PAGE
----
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Students perform in masks in a socially-distance production. This year, KU Theatre and Dance return to the stage for in-person performances made possible with Covid-19 testing, mask requirements, and social distancing. 

After an all-digital season last year, University of Kansas Theatre and Dance is prepping for upcoming in-person experiences this season. Despite added Covid-19 precautions, audiences can still expect a return to in-person performances, as well as a variety of shows to see.

Limited seating capacity, masks and regular testing of both performers and other production staff have all been utilized in order to make an in-person season possible, according to assistant professor Markus Potter. Even with the challenges Covid-19 has brought to KU Theatre and Dance, the department has been working hard to share the joys of performing again.

“We come together to share stories so we can laugh, reflect and grow together as a community – to enhance our social and civic responsibility, and expand our capacity for empathy – to reflect upon social, political and economic injustices, and by doing so, contribute to a future that is more inclusive, more empathetic and more just,” Potter said. “In this very frightening and cantankerous moment we also need release –  we need joy.”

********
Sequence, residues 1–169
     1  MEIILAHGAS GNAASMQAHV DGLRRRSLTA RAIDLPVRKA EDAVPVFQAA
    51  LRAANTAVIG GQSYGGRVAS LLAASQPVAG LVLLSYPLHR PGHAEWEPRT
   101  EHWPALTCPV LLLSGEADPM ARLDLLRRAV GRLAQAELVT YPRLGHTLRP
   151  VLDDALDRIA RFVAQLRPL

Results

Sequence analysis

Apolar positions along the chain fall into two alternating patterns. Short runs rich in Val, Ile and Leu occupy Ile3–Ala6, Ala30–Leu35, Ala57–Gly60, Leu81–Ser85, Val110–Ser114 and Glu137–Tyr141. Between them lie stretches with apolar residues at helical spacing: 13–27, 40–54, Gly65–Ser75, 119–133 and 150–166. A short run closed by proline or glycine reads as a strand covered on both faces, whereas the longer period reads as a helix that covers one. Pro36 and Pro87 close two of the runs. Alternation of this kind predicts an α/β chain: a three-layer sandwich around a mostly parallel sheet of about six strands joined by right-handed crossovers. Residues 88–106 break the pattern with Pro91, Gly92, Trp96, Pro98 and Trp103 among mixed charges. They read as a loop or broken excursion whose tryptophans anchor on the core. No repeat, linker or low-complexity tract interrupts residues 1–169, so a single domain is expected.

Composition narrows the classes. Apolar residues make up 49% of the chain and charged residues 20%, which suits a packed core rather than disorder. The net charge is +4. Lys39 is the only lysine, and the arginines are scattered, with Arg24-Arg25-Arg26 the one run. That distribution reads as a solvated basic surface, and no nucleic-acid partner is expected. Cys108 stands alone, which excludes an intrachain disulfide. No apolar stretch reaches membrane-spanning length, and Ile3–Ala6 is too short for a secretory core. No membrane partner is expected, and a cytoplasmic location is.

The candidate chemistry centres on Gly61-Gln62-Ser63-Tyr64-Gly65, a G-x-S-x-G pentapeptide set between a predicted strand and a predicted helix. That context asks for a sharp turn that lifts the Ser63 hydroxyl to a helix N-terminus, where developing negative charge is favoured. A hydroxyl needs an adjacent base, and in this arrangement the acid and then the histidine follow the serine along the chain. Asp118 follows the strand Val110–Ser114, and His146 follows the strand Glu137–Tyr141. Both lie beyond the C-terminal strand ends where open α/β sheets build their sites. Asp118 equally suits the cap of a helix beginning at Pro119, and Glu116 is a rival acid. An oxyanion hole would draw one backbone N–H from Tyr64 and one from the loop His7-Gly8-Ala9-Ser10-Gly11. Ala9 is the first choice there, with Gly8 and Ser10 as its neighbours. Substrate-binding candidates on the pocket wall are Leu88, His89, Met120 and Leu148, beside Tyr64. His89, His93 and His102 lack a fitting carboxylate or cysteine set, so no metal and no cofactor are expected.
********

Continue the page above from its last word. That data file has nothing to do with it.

The season began with Chelsea Marcantel's comedy "Airness." Set in LA's dive bars of the 80s & 90s, "Airness" tells the story of a contestant in an air guitar competition. 

The upcoming season showcases an array of different shows selected by the Literary Management Committee and approved by the Theatre and Dance Production Committee (TDPC). The season opened with Chelsea Marcantel’s play “Airness,” and now premieres “Head Over Heels,” a musical adapted from “The Arcadia” by Sir Phillip and features songs by the Go-Go’s.

Later in the season, the company will perform Sharifa Yasmin’s “The Devils Between Us” and Shakespeare’s “Measure for Measure.” The season concludes with the Jayhawk Performance Lab, a student showcase dedicated to premiering student-made productions. 

“I’m most excited to have the audiences see and experience how much joy theatre can give and create,” said Jenny Sledge, a graduate student member of the TDPC. “Although not every show this season is comedy or ‘happy,’ working together again has been so fulfilling. We do this work to share it with audiences, and having them back in the theatre makes our work come full circle.”

After a year without in-person performances, students such as senior theatre major Ella Galbraith love the opportunity to return to the stage. 

“It has been so amazing to get back to in-person rehearsals,” Galbraith said. “There hasn’t been a day where I don’t feel extremely lucky and grateful for that. We keep our masks on whenever we are indoors and take a Covid-19 test once a week to make sure that everyone is safe and healthy. I couldn’t have asked for a better cast to do it with!”

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KU Theatre and Dance is currently showing "Head Over Heels," a musical set in the fictional kingdom of Arcadia all to the tune of music by 90's female rock band, The Go-Go's. 

Tickets for “Head Over Heels” are on sale now and more information about performances can be found on KU Theatre's website.

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